"Science is but a perversion of itself unless it has as its ultimate goal the betterment of humanity."
"Let the future tell the truth, and evaluate each one according to his work and accomplishments. The present is theirs; the future, for which I have really worked, is mine."
"Even matter called inorganic, believed to be dead, responds to irritants and gives unmistakable evidence of a living principle within. Everything that exists, organic or inorganic, animated or inert, is susceptible to stimulus from the outside."
On Invention: "It is the most important product of man's creative brain. The ultimate purpose is the complete mastery of mind over the material world, the harnessing of human nature to human needs."
"Like a flash of lightning and in an instant the truth was revealed. I drew with a stick on the sand the diagrams of my motor. A thousand secrets of nature which I might have stumbled upon accidentally I would have given for that one which I had wrestled from her against all odds and at the peril of my existence."
"Before I put a sketch on paper, the whole idea is worked out mentally. In my mind I change the construction, make improvements, and even operate the device. Without ever having drawn a sketch I can give the measurements of all parts to workmen, and when completed all these parts will fit, just as certainly as though I had made the actual drawings. It is immaterial to me whether I run my machine in my mind or test it in my shop. The inventions I have conceived in this way have always worked. In thirty years there has not been a single exception. My first electric motor, the vacuum wireless light, my turbine engine and many other devices have all been developed in exactly this way."
"George Westinghouse was a man with tremendous potential energy of which only part had taken kinetic form. Like a lion in the forest, he breathed deep and with delight the smoky air of his Pittsburgh factories. Always affable and polite, he stood in marked contrast to the small-minded financiers I had been trying to negotiate with before I met him. Yet, no fiercer adversary could have been found when aroused. Westinghouse welcomed the struggle and never lost confidence. When others would give up in despair, he triumphed."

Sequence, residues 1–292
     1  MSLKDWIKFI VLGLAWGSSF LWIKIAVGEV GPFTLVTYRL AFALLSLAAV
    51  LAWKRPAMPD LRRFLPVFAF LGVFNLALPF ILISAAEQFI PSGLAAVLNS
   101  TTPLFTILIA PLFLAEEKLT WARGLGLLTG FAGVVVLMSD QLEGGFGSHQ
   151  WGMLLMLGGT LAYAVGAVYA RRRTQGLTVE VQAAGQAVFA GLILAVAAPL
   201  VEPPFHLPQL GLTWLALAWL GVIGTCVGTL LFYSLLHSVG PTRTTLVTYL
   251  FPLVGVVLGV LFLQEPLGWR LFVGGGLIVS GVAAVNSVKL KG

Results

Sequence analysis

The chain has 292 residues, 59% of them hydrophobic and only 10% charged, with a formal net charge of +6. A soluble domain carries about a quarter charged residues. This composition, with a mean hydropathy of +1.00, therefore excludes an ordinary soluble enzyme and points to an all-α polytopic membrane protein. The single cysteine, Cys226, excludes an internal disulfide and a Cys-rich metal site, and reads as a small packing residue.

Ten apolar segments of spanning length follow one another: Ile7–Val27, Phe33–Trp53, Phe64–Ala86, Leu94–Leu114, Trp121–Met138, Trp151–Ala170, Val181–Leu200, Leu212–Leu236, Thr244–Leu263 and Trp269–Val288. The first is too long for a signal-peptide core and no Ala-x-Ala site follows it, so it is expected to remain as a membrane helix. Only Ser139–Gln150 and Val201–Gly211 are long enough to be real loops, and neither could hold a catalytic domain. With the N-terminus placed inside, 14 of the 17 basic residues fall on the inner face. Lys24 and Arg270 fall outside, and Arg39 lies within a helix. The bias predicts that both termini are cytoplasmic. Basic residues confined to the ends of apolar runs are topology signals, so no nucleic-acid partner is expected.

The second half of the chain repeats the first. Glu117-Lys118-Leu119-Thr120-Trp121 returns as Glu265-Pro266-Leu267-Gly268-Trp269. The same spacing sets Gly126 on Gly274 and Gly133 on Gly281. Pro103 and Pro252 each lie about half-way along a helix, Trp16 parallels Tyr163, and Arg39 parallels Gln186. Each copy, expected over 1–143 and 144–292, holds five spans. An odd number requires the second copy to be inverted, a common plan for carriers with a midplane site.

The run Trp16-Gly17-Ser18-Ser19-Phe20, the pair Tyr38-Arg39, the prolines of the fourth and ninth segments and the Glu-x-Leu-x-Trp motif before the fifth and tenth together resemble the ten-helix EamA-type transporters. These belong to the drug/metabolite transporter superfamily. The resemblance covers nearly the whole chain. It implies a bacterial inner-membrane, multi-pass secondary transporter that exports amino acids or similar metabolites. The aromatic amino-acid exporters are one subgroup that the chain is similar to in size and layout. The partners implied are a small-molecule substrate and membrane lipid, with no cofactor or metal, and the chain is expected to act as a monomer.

On Voltaire: "I had a veritable mania for finishing whatever I began, which often got me into difficulties. On one occasion I started to read the works of Voltaire when I learned, to my dismay, that there were close on one hundred large volumes in small print which that monster had written while drinking seventy-two cups of black coffee per diem. It had to be done, but when I laid aside the last book I was very glad, and said, "Never more!" (Nikola Tesla, "My Inventions: the autobiography of Nikola Tesla", Hart Bros., 1982. Originally appeared in the Electrical experimenter magazine in 1919.)
"In our dynamo machines, it is well known, we generate alternate currents which we direct by means of a commutator, a complicated device and, it may be justly said, the source of most of the troubles experienced in the operation of the machines. Now, the currents, so directed cannot be utilized in the motor, but must - again by means of a similar unreliable device - be reconverted into their original state of alternate currents. The function of the commutator is entirely external, and in no way does it affect the internal workings of the machines. In reality, therefore, all machines are alternate current machines, the currents appearing as continuous only in the external circuit during the transfer from generator to motor. In view simply of this fact, alternate currents would commend themselves as a more direct application of electrical energy, and the employment of continuous currents would only be justified if we had dynamos which would primarily generate, and motors which would be directly actuated by, such currents." (Adopted from T.C. Martin, "The Inventions, Researches and Writings of Nikola Tesla," New Work: Electrical Engineer, 1894, pp. 9-11.)
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